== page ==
What Will Drive Hawaii Travel

All week we're running a special report on what agents can expect from the travel industry in 2015. Here's our look at the industry as a whole, and here is a series of tips on how to be proactive with clients heading into the New Year. 

Travel Agent recently spoke to some notable tourism industry representatives and learned the latest trends and insights coming out of the Aloha State for 2015.

The Multigenerational Market is Looking to Splurge: Hawaii has basically been a multigenerational hotspot for a long time but what many operators are beginning to see for the first time is this segment’s desire for all things luxury. And they are sparing no expense.


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“Multigenerational travel is one the clearest trends in Hawaii and has been for a long time,” says Jack E. Richards, president and CEO of Pleasant Holidays. “But multigenerational travelers are beginning to move upscale. We don’t see a lot of sales in the lower category hotels. We are seeing huge clusters in sales of four- and five-star resorts.”

And Hawaii will have the properties to accommodate such clients.

Oahu’s Ko Olina resort area is expected to get a boost from the forthcoming Four Seasons hotel.
Oahu’s Ko Olina resort area is expected to get a boost from the forthcoming Four Seasons hotel.

Montage Hotels & Resorts announced last year an expansion of its luxury hotel collection with the addition of Montage Kapalua Bay. In July of 2013, Andaz Maui at Wailea, a five-star resort, officially opened its doors in the Wailea section of Maui.

“Hawaii is looking great for 2015 because the economy is improving, and when the economy improves, people tend to travel a bit more upscale,” says Richards.

Booking Windows Are Lengthening: When the 2009 economic crisis hit, everyone in the travel industry knew that value was here to stay. But everyone knew those booking windows, which in many cases were about three to four weeks out in the year following 2009, would some day return to normal. And that certainly appears to be the case in not only Hawaii but also in many major destinations throughout the world.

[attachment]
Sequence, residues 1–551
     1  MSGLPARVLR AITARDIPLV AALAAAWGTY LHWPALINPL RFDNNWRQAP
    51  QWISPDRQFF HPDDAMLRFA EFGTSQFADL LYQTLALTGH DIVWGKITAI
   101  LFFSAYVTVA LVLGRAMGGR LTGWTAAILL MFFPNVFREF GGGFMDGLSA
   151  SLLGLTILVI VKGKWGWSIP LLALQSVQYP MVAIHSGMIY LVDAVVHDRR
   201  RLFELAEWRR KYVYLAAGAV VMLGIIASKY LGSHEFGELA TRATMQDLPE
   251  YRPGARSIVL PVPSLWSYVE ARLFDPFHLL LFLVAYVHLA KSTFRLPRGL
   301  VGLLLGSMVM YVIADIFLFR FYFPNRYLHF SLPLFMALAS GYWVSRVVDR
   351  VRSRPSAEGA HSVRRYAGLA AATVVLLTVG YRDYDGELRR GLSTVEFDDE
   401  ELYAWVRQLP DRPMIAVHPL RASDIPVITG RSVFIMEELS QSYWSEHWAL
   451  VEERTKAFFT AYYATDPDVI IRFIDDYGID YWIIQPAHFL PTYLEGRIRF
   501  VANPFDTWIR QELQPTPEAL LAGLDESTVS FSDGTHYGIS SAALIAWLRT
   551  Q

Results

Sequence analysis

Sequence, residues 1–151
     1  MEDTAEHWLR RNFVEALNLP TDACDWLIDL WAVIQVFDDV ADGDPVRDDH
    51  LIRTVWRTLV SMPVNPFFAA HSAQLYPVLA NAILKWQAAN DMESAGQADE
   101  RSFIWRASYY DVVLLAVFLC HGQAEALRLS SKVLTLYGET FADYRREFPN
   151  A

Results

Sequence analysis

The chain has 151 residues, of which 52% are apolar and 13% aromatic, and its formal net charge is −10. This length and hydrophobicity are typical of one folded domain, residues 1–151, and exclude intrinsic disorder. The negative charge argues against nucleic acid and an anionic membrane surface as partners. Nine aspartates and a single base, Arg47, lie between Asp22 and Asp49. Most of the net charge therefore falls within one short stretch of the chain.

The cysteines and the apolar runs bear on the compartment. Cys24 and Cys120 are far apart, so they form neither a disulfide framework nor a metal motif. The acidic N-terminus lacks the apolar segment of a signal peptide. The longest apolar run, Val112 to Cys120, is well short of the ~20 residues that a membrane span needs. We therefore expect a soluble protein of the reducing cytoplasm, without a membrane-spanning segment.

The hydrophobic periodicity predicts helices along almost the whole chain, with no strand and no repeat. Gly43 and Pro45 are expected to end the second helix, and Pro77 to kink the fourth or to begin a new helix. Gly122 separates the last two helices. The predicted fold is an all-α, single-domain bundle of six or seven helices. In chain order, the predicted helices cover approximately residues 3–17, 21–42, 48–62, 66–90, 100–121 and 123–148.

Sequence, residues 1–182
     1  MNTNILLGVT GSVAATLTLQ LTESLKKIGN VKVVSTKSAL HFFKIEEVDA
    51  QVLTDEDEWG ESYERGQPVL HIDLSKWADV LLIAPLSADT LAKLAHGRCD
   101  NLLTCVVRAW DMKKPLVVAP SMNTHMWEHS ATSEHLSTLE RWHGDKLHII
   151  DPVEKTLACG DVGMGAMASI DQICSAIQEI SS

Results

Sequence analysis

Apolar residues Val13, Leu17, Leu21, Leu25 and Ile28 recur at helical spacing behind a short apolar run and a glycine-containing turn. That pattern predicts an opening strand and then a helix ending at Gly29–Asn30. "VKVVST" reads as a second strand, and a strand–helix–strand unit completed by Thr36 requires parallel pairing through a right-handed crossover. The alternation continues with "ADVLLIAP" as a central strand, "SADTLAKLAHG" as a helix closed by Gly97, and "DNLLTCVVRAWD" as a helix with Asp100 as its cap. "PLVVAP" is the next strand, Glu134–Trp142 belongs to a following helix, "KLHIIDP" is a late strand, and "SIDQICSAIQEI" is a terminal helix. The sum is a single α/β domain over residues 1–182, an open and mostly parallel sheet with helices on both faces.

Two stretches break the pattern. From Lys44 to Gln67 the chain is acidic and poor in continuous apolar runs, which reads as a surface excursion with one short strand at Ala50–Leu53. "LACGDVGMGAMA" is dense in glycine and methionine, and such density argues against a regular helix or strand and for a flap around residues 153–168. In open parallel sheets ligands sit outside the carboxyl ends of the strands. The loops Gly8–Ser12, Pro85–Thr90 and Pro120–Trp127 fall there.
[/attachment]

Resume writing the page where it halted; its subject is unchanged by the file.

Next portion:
Travel Agent spoke to several operators who are reporting booking windows between five and 10 months out, especially for such destinations as Hawaii, the Caribbean and Mexico. Many operators and tourism representatives are attributing the lengthy booking windows to dropping fuel costs.

Matthew Upchurch, chairman and CEO of  Virtuoso, told our sister publication, Luxury Travel Advisor, earlier this month that luxury consumers are booking further out, simply because the properties they want to stay at are filling up at hyper speed. Booking six to eight months out, or even a year out, is not unheard of anymore, says Upchurch.

Hawaii’s Hottest Property in 2015: In November, Four Seasons Hotels and Resorts announced plans for the Four Seasons Resort Oahu at Ko Olina, an integrated luxury beach resort and private residences that will be the jewel in the crown of the master-planned Ko Olina development.

“The arrival of the Four Seasons brings to Oahu the first true luxury brand name. Four Seasons has a standard of luxury and quality that people can expect and rely on,” says Andrey Zakharenko of Always Travel in San Francisco, CA. “Its arrival will bring with it many global luxury customers and Four Seasons loyalists that avoided the island or thought the island did not appeal to them. This will benefit everyone.”